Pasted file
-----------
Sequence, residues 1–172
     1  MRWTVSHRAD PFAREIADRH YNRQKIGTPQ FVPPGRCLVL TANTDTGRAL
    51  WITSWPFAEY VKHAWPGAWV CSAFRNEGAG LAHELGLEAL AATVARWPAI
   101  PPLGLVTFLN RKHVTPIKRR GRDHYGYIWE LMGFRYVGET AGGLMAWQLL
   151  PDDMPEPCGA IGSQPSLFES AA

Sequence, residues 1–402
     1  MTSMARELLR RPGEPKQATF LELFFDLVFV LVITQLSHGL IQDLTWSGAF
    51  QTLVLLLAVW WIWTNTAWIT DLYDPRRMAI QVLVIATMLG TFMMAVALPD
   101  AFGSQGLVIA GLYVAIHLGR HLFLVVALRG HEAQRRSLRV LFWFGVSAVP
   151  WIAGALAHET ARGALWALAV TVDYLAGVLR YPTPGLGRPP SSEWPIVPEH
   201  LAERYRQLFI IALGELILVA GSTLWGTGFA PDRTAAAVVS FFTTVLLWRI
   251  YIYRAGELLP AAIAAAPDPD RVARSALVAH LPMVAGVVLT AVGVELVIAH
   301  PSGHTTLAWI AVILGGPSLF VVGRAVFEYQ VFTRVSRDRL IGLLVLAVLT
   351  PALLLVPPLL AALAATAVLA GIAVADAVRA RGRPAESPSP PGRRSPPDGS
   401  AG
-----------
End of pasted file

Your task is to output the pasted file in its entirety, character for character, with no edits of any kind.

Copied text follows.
Sequence, residues 1–172
     1  MRWTVSHRAD PFAREIADRH YNRQKIGTPQ FVPPGRCLVL TANTDTGRAL
    51  WITSWPFAEY VKHAWPGAWV CSAFRNEGAG LAHELGLEAL AATVARWPAI
   101  PPLGLVTFLN RKHVTPIKRR GRDHYGYIWE LMGFRYVGET AGGLMAWQLL
   151  PDDMPEPCGA IGSQPSLFES AA

Sequence, residues 1–402
     1  MTSMARELLR RPGEPKQATF LELFFDLVFV LVITQLSHGL IQDLTWSGAF
    51  QTLVLLLAVW WIWTNTAWIT DLYDPRRMAI QVLVIATMLG TFMMAVALPD
   101  AFGSQGLVIA GLYVAIHLGR HLFLVVALRG HEAQRRSLRV LFWFGVSAVP
   151  WIAGALAHET ARGALWALAV TVDYLAGVLR YPTPGLGRPP SSEWPIVPEH
   201  LAERYRQLFI IALGELILVA GSTLWGTGFA PDRTAAAVVS FFTTVLLWRI
   251  YIYRAGELLP AAIAAAPDPD RVARSALVAH LPMVAGVVLT AVGVELVIAH
   301  PSGHTTLAWI AVILGGPSLF VVGRAVFEYQ VFTRVSRDRL IGLLVLAVLT
   351  PALLLVPPLL AALAATAVLA GIAVADAVRA RGRPAESPSP PGRRSPPDGS
   401  AG